I’ve always found it hard to let go – whether it’s saying goodbye, or letting someone else take charge, but I’ve attributed that to my sentimentality or playfully ascribed it to my ‘control freak’ or ‘perfectionist’ nature. I used to think these were good things – it’s taken me a long time to realise they were warning signs of something I wasn’t yet ready to deal with.
I used to be so proud of my perfectionism – I thought that it meant I was a natural over-achiever, with high standards and a strong work ethic. Reading Brene Brown’s definition of perfectionism in The Gifts of Imperfection absolutely blew my mind – mainly because it was so painfully, heartbreakingly accurate:
“Perfectionism is a self-destructive and addictive belief system that fuels this primary thought: “If I look perfect, live perfectly, and do everything perfectly, I can avoid or minimize the painful feelings of shame, judgment, and blame.”
In the 12 months since I first read her words I have broken down my perspective on the world and rebuilt my sense of self – adopting the mantra of ‘done is better than perfect’, and generally encouraging myself to accept that I am indeed ‘good enough’ just as I am. But my learning doesn’t end there.
I used to think that being a ‘control freak’ was a measure of my sense of pride in my accomplishments – that it showed dedication, passion and pride in my work. Then Brene explained in Daring Greatly that control is another one of the ways we try to ‘armour up’ and defend against vulnerability, in order to avoid feelings of shame, judgement and blame. The fact that reading this made me physically uncomfortable showed me how strongly I resisted letting go of this ‘shield’.
I can see now how much fear I am holding back.
Just as my mind was blown when I read the definition of perfectionism and realised how terrified I was of not being good enough, I can now see how I use control to prevent myself from going ‘all in’.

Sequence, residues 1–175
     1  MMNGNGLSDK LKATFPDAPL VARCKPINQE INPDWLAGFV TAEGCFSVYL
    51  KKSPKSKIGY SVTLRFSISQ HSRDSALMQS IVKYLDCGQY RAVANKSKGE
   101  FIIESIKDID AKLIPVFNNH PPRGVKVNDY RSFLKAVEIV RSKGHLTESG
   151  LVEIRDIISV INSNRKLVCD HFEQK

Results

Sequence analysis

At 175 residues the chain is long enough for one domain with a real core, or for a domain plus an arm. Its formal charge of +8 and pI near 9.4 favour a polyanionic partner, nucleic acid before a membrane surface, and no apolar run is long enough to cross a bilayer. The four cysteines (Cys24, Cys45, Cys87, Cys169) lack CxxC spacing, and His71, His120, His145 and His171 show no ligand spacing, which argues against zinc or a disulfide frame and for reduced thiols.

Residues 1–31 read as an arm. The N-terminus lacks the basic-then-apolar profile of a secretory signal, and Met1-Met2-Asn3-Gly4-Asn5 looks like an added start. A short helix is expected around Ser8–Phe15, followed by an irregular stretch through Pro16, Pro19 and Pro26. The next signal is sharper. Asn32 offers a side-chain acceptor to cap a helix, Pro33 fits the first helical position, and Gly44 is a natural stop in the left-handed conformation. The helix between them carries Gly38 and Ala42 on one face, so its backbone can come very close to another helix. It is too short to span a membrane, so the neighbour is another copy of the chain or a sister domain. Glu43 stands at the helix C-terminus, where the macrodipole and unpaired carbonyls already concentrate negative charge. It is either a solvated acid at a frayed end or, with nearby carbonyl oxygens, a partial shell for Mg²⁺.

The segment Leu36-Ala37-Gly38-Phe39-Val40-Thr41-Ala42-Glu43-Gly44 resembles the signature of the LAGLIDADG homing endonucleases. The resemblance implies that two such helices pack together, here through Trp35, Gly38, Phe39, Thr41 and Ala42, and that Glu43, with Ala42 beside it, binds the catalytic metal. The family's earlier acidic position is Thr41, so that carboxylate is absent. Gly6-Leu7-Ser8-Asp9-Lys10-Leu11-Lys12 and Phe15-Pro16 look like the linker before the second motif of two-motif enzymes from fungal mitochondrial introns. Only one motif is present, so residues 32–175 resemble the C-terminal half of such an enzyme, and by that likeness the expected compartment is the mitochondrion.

I am afraid that if I let go then I will have to trust other people with my happiness.
I am afraid to let other people in because what if they make me happy now but they don’t stay forever.
What if I trust people to make me happy and then they leave?
So I keep people at a distance. I choose how much I commit – I keep a tentative toe out of the water so that I’m always ready to bounce first if the need arises.
I do this for safety. I don’t see how this holds me back. The fear of the unknown is so great that it feels more comfortable to be unhappy than it does to let my barriers down and allow someone in. Suffering is soothing in its familiarity.
It’s not difficult for me to understand why I might feel this way, but it frustrates me that, as usual, I can bring it back to the pivotal moment when I lost my father to suicide when I was 7 years old. No wonder I’m afraid to truly trust anyone with my happiness when the one man who was supposed to be here for me chose to end his life before I had even really begun mine.
So I’m working on letting go, but it might take me another 12 months before I get there.